- Marcy Freed
We have all heard that yoga is the perfect compliment to running. It can help develop muscular strength, flexibility, and balance, which can reduce the risk of injury. It also helps you improve your mental focus and breathing efficiency.
I have run for most of my life. I started as a child when my dad was a track coach. He would pick me up and take me to the track where he coached and the track was my babysitter. So, I ran. And, I have kept running. When I started practicing yoga, I knew it would be good for my body and a great way to balance the strain and stress of endurance training. What I didn’t realize was how Yoga would change the way I approached running.
Yoga is a practice. I step on my mat and become an observer. I listen to my body and what it is telling me. I listen without judgement. Some days when I get on the mat I find ease in my body and room to move into poses that I am practicing. Other days, I meet the same poses with resistance. There are other poses that I work towards and within that my body isn’t ready for - it is those poses where I find opportunity. My muscles will lengthen with practice. The range of motion in my joints will increase overtime. I’ve seen it happen.
Before I started practicing yoga, my mental chatter during a run sounded a bit like this: “Wow. I am really feeling tired today. My body feels like it weighs a ton. I’m not fast enough. If I don’t pick it up I’m not going to reach my goal time.”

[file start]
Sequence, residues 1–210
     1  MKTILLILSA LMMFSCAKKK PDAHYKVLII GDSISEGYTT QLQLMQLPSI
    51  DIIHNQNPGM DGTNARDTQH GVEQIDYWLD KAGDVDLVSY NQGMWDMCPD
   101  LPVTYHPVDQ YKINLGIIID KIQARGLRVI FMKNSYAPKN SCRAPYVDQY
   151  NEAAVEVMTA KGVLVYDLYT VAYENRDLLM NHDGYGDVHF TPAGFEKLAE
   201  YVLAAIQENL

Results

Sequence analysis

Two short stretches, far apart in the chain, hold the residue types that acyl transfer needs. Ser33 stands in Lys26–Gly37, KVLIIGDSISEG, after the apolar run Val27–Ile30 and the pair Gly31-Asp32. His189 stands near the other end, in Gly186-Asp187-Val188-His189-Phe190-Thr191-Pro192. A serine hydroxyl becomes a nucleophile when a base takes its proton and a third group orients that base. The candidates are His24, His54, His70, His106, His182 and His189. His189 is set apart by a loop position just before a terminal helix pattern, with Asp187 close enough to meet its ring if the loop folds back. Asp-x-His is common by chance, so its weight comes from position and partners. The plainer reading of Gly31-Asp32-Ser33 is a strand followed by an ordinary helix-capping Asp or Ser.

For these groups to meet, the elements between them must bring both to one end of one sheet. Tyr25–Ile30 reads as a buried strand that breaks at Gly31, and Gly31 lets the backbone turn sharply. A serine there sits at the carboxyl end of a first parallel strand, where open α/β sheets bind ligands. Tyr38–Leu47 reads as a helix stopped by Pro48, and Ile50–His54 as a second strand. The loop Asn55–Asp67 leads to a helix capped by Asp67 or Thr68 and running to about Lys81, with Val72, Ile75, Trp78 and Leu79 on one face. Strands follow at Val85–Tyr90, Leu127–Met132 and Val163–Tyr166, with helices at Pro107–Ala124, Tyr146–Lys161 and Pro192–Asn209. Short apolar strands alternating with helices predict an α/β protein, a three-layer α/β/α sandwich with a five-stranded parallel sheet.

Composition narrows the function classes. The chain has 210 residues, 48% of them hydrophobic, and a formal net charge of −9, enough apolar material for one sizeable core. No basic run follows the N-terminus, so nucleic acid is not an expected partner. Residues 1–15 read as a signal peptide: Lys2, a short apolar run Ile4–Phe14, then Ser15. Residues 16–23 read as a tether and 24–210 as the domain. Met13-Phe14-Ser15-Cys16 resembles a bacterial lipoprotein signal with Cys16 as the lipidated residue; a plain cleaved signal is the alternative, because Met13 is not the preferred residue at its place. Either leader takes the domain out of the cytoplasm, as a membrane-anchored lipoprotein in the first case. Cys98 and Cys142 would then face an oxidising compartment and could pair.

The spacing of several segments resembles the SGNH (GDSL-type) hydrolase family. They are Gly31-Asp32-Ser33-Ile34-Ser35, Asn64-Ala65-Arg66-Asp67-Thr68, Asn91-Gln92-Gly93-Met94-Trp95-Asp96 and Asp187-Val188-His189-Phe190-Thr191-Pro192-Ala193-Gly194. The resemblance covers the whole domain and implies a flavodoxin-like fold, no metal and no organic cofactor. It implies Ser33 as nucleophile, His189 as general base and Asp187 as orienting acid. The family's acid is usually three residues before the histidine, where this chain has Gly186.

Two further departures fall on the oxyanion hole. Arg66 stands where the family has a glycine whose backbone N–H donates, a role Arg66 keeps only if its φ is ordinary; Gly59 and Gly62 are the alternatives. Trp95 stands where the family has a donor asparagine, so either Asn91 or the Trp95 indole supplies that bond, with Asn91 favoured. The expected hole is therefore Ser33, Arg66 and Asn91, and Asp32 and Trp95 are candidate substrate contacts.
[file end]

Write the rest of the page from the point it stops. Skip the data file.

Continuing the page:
If I was having a good run, I didn’t think much about it. I just enjoyed the run. I DO RECOMMEND just enjoying a run. As much and as often as possible. But, for me, this isn’t as frequent as I would like it to be.
Practicing yoga allowed me to approach my runs differently. Each run is a “practice” or a data gathering excursion. If I feel tired, I observe my bio-mechanical alignment and my breath. Can I make adjustments that can help my run today? if so, I do. Did I get enough rest? How has my nutrition been? That extra five pounds of weight on my frame actually does impact how I feel running. What do I do about that? I loose it; or, I adjust my performance expectations.
In sum, an observer has emerged where judgmental chatter once lived. Most endurance runners are very good at enduring pain and discomfort. We are good at not listen to our bodies. One of the biggest benefits of practicing yoga for a runner is gaining the ability to tune into your body and to respond to what you find there. The other major benefit is learning to care for and nourish the body that you are asking to accomplish a major feat. The class I teach at Front Runner on Sundays at 10 a.m. is active recovery. It is designed to help you listen to and take care of the body you are training and pushing. I was recently interviewed for an “running and yoga” article for Trail Runner Magazine. I was asked, “What is the biggest hurdle you think that runners face in the yoga classroom?” My answer was: Themselves.
I find that runners often think they are not flexible and therefore do not belong in a yoga class. Runners are often accustomed to pushing themselves to extremes and the concept of active recovery through yoga is foreign to them. We don’t listen to our bodies we push outside of it. The biggest hurdle for most runners is getting them in the classroom and getting them to a place of accepting the need to nourish the body through yoga in order to be a better competitor.